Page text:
By John F. Murphy
The U.S. has usually proclaimed its help for the rule of thumb of legislations in overseas affairs, yet has discovered it more and more tough to stick to it in perform. John Murphy demonstrates the wide-ranging problems obstructing U.S. adherence to the guideline of legislation. He additionally examines the explanations for the declining U.S. help for the overseas associations it used to be instrumental in growing, in addition to U.S. unwillingness to aid new well known projects in overseas legislation.
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Additional resources for The United States and the Rule of Law in International Affairs
Turning first to the interpretation of international law, we should note that our primary focus will be on issues surrounding the interpretation of treaties. For participants in the international legal process, issues of interpreting customary norms or general principles tend to conflate with issues of whether such norms or general principles exist. How to interpret treaties, however, has been and remains a topic of considerable discussion and debate. 128 This lack of a dissenting vote, however, masked the divergence of views that arose at the conference concerning the proper approach to the interpretation of treaties.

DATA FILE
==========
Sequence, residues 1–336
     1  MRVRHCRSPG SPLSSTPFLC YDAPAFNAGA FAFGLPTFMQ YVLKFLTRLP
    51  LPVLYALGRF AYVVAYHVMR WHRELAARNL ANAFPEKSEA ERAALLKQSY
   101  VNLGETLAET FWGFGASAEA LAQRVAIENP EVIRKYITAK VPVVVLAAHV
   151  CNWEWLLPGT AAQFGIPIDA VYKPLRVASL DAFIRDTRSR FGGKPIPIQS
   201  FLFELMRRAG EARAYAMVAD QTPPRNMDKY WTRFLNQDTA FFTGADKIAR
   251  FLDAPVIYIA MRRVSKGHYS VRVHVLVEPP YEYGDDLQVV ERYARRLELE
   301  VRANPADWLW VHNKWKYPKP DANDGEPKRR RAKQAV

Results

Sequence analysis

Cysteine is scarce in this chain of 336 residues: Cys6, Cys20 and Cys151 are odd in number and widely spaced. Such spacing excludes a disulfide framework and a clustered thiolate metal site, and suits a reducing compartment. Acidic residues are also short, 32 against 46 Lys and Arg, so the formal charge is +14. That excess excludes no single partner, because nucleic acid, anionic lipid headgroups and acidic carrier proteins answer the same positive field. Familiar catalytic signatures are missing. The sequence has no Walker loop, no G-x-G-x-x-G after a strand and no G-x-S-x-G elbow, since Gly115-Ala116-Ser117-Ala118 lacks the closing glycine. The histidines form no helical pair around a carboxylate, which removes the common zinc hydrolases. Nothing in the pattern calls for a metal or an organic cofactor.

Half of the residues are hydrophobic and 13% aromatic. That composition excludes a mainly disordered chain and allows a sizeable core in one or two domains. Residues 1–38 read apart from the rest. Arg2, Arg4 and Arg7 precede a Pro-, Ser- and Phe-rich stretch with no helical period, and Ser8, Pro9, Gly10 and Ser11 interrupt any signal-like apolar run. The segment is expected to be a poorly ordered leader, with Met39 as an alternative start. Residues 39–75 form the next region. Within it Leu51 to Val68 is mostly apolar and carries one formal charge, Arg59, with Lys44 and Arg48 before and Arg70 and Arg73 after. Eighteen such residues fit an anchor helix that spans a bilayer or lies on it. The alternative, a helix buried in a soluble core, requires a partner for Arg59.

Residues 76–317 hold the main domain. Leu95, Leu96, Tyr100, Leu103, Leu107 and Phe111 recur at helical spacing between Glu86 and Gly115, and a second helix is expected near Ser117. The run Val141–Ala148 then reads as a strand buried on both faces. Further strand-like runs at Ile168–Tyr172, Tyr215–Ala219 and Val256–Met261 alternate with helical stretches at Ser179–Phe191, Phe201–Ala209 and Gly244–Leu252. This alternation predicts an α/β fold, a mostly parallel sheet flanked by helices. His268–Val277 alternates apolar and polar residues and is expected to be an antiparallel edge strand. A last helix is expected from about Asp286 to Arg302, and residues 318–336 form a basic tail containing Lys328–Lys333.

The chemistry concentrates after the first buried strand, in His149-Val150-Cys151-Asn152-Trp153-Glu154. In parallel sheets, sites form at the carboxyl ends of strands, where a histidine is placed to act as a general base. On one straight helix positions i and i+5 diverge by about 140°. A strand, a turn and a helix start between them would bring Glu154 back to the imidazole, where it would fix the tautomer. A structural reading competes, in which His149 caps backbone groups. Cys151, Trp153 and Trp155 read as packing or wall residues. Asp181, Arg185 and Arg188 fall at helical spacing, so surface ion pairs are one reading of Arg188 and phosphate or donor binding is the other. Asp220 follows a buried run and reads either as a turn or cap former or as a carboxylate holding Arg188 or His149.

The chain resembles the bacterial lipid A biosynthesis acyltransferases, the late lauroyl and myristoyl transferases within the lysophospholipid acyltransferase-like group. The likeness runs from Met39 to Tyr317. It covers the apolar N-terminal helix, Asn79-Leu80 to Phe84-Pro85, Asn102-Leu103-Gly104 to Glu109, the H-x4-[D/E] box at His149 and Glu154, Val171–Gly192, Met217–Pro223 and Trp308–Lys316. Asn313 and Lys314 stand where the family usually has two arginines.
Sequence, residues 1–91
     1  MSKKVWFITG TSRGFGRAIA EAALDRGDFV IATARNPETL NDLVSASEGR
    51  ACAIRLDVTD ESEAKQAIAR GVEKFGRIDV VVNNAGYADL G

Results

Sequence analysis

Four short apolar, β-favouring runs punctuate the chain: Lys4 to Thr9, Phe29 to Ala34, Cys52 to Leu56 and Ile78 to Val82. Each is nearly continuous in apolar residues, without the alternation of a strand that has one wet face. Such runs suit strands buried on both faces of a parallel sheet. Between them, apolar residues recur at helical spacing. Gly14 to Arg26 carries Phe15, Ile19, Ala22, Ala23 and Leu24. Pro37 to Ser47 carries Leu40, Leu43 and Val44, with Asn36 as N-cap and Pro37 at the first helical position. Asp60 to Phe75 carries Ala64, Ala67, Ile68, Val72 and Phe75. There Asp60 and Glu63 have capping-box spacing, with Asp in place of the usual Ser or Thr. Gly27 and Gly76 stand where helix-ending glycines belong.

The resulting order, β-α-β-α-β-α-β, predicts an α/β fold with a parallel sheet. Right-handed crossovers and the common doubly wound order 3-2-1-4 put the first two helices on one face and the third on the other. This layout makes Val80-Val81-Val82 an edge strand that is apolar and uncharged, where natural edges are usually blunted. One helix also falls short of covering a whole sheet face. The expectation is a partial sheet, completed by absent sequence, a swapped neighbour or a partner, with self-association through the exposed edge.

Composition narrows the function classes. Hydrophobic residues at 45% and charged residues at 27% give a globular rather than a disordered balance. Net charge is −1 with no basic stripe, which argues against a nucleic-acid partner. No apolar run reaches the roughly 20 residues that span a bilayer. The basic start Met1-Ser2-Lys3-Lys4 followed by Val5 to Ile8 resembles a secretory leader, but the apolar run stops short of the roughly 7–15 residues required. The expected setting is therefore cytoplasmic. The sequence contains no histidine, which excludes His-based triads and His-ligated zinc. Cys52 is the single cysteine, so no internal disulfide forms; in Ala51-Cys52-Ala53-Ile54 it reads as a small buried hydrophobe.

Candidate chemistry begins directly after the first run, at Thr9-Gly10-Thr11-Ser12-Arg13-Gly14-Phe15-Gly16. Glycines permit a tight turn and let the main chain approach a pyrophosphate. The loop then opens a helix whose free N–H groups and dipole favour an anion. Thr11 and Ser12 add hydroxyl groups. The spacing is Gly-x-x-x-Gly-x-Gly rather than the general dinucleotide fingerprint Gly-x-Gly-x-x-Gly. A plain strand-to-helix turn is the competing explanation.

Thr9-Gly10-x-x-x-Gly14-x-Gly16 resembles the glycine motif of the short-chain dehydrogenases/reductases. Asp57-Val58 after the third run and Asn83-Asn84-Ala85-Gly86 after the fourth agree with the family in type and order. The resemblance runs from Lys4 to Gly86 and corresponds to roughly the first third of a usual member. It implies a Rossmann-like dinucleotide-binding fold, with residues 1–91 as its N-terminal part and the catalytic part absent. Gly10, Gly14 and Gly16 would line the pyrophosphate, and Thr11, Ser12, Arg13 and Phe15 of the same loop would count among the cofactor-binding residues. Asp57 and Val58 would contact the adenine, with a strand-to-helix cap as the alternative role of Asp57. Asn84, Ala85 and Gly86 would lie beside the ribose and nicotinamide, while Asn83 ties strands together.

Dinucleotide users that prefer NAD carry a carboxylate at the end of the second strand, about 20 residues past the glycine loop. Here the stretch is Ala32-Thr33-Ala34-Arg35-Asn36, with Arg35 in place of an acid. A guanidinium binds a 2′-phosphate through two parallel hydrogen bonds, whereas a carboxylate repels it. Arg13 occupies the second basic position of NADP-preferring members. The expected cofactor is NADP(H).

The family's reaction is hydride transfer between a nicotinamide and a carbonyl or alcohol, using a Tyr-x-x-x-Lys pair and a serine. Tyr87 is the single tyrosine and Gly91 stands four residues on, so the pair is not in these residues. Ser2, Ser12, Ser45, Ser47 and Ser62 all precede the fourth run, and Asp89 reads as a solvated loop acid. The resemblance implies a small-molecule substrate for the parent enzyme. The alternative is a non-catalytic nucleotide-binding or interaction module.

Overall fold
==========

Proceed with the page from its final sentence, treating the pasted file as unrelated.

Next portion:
Specifically, the results of multilateral treaty making have often been unacceptable to the United States – either to the executive branch (the statute for a permanent international criminal court; the Landmines Treaty; initially the Law of the Sea Convention) or to the Senate (the Vienna Convention on the Law of Treaties; the Law of the Sea Convention; the Comprehensive Nuclear Test Ban Treaty) or to both. Moreover, the recent failure of the negotiations under the auspices of the Organization for Economic Cooperation and Development (OECD) to conclude a multilateral agreement on investment – an initiative strongly supported by the United States – came about largely because of strong opposition from various nongovernmental organizations and disagreements between the United States and other developed countries.
It is “new” in two senses. 56 The United States has recently expressed its strong opposition to this approach. In 1994, the Human Rights Committee established to receive reports from states parties to the International Covenant on Civil and Political Rights on the steps they have taken to carry out their obligations under the Covenant issued its General Comment No. 57 According to the Committee, states parties to the Covenant may not make reservations to provisions therein that represent customary international law.